Creation and deletion of isolated magnetic skyrmions via electrical currents

In the quest for higher density information storage, some scientists have turned their attention to magnetic Skyrmions—stable nanometer-size swirls of spin. Initially restricted to liquid Helium temperatures, high applied magnetic fields, and to single-crystalline materials, magnetic Skyrmions are now routinely studied in various magnetic multilayer superlattices at room temperature and low applied magnetic fields. Researchers can generate and eliminate Skyrmions en-masse through the application of magnetic fields. However, the applicability of magnetic Skyrmions in future memory devices relies on the addressing and manipulation of single magnetic whirls.

Now, for the first time, researchers in a collaboration between the Korea Institute of Technology and other partners, among which the Paul Scherrer Institut (at the PolLux endstation of the Swiss Light Source) have created and then deleted isolated magnetic Skyrmions through the use of electrical current pulses. This achievement was obtained employing a multilayer superlattice stack with a Gadolinium-Iron-Cobalt ferrimagnetic alloy as the magnetic material. Perpendicular magnetic anisotropy, along with a non-vanishing Dzyalonshinsky-Moriya interaction was achieved by sandwiching the ferromagnetic layer between Platinum and Magnesium Oxide layers. The injection of an electrical current across the ferromagnetic superlattice stack generates, through the Spin Hall effect, spin torques that allow the generation and deletion of isolated magnetic Skyrmions.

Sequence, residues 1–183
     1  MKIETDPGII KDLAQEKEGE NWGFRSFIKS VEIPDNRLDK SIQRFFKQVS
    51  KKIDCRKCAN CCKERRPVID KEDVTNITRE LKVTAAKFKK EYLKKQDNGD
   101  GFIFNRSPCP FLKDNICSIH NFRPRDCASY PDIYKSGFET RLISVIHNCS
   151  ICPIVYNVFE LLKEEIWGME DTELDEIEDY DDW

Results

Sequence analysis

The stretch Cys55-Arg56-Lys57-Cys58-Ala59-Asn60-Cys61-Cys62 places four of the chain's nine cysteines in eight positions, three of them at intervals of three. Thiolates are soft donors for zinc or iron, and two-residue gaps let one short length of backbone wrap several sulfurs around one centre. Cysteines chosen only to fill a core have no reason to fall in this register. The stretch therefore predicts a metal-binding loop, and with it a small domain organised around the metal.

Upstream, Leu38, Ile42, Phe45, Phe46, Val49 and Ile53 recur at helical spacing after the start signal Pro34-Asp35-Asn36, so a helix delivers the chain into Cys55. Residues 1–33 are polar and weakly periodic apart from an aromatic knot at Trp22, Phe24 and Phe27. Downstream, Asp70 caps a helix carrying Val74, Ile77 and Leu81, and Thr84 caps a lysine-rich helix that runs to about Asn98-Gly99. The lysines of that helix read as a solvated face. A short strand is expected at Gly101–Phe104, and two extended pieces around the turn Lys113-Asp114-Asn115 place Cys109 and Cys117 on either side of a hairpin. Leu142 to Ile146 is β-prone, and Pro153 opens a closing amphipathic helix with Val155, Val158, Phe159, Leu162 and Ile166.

The writing and deleting process was imaged by time-resolved scanning transmission x-ray microscopy in the pump-probe regime.